And privacy be damned.
See, there is an iron law for every new technology: What can be done will be done. And a corollary that says, —until it’s clear what shouldn’t be done. Let’s call those Stage One and Stage Two.
With respect to safety from surveillance in our cars, we’re at Stage One.
For Exhibit A, read what Ray Schultz says in Can Radio Time Be Bought With Real-Time Bidding? iHeartMedia is Working On It:
HeartMedia hopes to offer real-time bidding for its 860+ radio stations in 160 markets, enabling media buyers to buy audio ads the way they now buy digital.
“We’re going to have the capabilities to do real-time bidding and programmatic on the broadcast side,” said Rich Bressler, president and COO of iHeart Media, during the Goldman Sachs Communacopia + Technology Conference, according to Radio Insider.
Bressler did not offer specifics or a timeline. He added: “If you look at broadcasters in general, whether they’re video or audio, I don’t think anyone else is going to have those capabilities out there.”
“The ability, whenever it comes, would include data-infused buying, programmatic trading and attribution,” the report adds.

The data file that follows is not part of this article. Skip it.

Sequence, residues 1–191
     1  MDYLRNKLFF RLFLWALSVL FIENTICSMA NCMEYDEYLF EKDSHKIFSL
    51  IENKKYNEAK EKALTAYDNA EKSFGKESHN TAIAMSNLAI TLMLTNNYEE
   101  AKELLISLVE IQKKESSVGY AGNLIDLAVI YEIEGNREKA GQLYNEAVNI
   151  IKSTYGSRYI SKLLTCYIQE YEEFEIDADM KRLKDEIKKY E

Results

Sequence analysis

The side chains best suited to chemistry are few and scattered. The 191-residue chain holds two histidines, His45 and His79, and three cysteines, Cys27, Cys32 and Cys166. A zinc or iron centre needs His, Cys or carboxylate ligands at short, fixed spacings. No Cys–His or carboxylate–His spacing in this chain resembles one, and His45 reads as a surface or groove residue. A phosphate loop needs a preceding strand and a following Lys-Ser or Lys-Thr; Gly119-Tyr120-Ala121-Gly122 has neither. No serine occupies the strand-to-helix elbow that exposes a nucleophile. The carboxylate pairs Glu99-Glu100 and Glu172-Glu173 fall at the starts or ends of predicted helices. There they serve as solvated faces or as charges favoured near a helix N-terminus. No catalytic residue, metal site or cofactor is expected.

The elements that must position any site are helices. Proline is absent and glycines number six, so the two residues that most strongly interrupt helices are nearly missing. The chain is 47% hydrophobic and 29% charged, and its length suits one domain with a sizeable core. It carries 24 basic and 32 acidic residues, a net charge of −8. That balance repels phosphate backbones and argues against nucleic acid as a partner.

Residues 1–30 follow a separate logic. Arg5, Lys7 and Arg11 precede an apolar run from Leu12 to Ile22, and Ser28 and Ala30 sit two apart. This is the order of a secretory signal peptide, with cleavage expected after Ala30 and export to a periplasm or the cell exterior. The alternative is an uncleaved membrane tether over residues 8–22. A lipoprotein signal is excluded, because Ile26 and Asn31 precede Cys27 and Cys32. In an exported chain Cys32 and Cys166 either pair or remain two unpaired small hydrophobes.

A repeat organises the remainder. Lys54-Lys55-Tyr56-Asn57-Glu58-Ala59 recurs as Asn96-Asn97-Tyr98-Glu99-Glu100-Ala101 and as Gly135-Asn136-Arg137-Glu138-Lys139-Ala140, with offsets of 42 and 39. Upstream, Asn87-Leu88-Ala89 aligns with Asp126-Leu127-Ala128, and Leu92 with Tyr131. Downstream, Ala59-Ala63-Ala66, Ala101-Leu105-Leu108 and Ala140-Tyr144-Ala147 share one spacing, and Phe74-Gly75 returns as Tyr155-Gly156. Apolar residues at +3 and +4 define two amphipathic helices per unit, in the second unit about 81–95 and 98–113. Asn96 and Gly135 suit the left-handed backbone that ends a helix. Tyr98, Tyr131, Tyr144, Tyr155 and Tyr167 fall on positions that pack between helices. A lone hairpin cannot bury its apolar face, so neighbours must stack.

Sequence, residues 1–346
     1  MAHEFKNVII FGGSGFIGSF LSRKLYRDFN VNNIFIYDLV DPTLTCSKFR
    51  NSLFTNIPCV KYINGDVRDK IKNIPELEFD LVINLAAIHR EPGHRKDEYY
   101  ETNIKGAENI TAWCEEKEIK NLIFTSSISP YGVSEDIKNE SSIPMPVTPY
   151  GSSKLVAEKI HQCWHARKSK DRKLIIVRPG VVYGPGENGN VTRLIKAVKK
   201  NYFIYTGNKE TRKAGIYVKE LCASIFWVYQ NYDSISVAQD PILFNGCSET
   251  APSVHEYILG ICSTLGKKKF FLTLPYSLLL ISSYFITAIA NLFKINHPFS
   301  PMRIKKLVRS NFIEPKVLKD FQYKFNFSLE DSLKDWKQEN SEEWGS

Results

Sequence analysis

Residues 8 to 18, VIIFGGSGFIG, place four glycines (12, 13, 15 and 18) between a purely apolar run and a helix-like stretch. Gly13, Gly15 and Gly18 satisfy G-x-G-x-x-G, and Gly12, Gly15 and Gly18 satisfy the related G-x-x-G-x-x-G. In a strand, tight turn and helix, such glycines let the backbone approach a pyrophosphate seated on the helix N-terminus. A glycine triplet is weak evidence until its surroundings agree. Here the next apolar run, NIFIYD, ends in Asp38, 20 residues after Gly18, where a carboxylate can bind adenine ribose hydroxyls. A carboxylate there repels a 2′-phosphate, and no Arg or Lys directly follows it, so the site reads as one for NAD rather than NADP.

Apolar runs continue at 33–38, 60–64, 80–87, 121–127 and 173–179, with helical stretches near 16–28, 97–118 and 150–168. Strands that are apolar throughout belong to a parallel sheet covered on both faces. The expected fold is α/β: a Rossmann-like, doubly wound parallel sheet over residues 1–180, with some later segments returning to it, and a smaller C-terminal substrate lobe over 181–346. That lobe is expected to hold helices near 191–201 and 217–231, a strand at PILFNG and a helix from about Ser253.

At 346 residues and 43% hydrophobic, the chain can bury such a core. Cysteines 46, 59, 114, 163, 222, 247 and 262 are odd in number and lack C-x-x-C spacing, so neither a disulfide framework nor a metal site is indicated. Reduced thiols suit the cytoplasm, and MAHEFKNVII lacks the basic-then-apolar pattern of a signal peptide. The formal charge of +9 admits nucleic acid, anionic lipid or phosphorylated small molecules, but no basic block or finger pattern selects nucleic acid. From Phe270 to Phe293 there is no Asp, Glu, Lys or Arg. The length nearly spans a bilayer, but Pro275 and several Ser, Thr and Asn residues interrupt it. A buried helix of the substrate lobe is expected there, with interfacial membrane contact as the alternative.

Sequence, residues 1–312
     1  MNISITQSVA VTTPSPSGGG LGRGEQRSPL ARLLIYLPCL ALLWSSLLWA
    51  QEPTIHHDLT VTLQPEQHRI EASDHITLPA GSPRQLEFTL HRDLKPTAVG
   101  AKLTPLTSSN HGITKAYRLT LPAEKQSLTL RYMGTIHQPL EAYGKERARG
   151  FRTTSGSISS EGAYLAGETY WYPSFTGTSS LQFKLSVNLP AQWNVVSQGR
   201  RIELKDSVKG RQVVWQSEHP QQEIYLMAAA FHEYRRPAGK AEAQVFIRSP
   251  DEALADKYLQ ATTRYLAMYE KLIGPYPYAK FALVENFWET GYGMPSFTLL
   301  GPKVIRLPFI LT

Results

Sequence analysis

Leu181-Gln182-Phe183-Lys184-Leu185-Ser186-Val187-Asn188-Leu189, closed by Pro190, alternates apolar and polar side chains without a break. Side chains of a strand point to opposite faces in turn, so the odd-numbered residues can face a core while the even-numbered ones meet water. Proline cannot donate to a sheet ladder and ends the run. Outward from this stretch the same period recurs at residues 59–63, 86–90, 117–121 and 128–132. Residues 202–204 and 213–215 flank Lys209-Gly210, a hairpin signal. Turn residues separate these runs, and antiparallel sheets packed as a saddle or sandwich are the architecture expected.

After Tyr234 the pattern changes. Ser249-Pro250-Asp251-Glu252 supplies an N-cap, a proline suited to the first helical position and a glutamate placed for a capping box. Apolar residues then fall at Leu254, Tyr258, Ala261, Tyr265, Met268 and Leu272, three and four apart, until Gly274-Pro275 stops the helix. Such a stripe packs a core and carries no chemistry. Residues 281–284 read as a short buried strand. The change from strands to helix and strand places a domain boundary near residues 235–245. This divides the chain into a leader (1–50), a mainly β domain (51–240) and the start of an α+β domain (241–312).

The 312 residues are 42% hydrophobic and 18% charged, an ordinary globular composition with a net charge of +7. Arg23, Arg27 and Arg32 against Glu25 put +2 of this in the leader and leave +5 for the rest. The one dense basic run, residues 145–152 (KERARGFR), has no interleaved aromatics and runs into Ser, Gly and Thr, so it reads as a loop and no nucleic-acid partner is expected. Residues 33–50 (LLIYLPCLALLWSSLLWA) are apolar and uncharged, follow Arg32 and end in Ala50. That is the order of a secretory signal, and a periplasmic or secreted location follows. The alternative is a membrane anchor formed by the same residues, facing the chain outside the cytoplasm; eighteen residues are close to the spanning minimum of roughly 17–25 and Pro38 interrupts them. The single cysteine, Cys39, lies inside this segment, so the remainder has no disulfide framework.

The Trade Desk lists iHeart Media as one of its programmatic audio partners.
Audio advertising allows users to integrate their brands into their audiences’ “everyday routines in a distraction-free environment, creating a uniquely personalized ad experience around their interests,” the Trade Desk says.
The Trade Desk “specializes in real-time programmatic marketing automation technologies, products, and services, designed to personalize digital content delivery to users.” Translation: “We’re in the surveillance business.”
Never mind that there is negative demand for surveillance by the surveilled. Push-back has been going on for decades. Here are 154 pieces I’ve written on the topic since 2008.
One might think radio is ill-suited for surveillance because it’s an offline medium. Peopler listen more to actual radios than to computers or phones. Yes, some listening is online; but not much, relatively speaking. For example, here is the bottom of the current radio ratings for the San Francisco market:
Those numbers are fractions of one percent of total listening in the country’s most streaming-oriented market.
So how are iHeart and The Trade Desk going to personalize radio ads? Well, here is a meaningful excerpt from iHeart To Offer Real-Time Bidding For Its Broadcast Ad Inventory, which ran earlier this month at Inside Radio:
The biggest challenge at iHeartMedia isn’t attracting new listeners, it’s doing a better job monetizing the sprawling audience it already has. As part of ongoing efforts to sell advertising the way marketers want to transact, it now plans to bring real-time bidding to its 850 broadcast radio stations, top company management said Thursday.
“We’re going to have the capabilities to do real-time bidding and programmatic on the broadcast side,” President and COO Rich Bressler said during an appearance at the Goldman Sachs Communacopia + Technology Conference. “If you look at broadcasters in general, whether they’re video or audio, I don’t think anyone else is going to have those capabilities out there.”